Today's scientists are deluged with information. Currently there are >8000 scientific, technical and medical journals publishing >1 000 000 articles a year. Nearly 40% of these articles are biomedical in nature. Indeed, it has been estimated that in order for a scientist to stay current for a single high-priority disease (say breast cancer), they would have to scan 130 different journals and read 27 papers each week (1). Given that most journal articles are not exactly ‘light’ reading, this task of staying current with the literature could easily occupy 75% of a scientist's working day. The problem with information overload is not restricted to scientific papers. Electronic databases are equally culpable. Thousands of web accessible text, image and sequence databases now exist (2). These contain terabytes of data and are expanding in both number and size far faster than the rate of scientific publishing. Just tracking the appearance and content of new databases, let alone using the information in them, can prove to be a full-time challenge.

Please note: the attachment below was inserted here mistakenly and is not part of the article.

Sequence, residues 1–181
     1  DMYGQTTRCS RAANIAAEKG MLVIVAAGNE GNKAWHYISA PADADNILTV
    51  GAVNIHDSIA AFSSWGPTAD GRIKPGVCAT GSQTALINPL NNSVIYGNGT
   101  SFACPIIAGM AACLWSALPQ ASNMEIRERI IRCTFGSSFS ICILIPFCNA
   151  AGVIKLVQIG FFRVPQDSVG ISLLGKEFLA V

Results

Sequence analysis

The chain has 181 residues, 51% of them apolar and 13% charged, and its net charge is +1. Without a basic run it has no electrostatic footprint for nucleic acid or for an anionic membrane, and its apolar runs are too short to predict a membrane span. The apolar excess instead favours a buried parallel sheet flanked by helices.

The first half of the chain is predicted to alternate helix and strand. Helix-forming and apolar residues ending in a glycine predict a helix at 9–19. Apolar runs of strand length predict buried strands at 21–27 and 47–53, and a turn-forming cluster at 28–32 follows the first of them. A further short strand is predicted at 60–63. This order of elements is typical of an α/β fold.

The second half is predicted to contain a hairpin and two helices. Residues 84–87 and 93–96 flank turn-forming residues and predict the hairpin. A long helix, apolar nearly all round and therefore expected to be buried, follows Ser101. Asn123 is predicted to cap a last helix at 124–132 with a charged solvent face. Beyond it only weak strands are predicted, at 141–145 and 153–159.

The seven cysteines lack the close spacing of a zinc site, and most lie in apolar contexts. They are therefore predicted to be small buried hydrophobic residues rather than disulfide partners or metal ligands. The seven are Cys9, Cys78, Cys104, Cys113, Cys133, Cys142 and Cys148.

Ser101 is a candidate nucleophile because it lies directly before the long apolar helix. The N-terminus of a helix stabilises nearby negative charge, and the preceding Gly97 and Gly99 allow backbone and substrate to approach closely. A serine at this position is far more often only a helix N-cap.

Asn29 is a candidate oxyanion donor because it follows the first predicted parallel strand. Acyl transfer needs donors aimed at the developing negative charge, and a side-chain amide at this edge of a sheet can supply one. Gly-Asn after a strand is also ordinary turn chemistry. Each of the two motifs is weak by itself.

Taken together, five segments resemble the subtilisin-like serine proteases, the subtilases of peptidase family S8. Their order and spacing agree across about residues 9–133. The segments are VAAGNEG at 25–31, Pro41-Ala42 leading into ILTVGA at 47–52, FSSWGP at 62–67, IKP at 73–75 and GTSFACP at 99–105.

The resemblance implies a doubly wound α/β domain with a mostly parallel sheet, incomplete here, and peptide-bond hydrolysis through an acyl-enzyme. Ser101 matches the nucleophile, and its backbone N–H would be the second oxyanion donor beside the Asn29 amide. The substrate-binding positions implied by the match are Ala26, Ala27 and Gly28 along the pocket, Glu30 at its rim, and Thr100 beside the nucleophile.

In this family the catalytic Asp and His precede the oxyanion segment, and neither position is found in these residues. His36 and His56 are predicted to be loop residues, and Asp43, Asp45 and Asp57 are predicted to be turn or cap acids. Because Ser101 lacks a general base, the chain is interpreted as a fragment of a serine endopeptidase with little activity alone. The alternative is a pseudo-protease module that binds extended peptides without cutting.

Clearly, the quantity of information generated by the scientific community is far too great for any human to efficiently process or assimilate. Too much fragmentary information and non-contextual data exists in too many places. This makes the task of finding relevant information on a specialized topic somewhat like finding a needle in the proverbial haystack. It is now obvious that a key challenge, especially in the field of bioinformatics, is to develop methods that allow this information to be easily retrieved and readily exploited by human users. One route is to pre-compute or synopsize this information and assemble it into specialized biomedical databases or encyclopedias. However, given the need for constant updating, expert manual curation and the wide variety of biomedical topics that users may want to access, pre-assembled databases are not a perfect panacea to the problem of information overload. An alternative route is to improve the tools for automated or semi-automated biomedical information retrieval.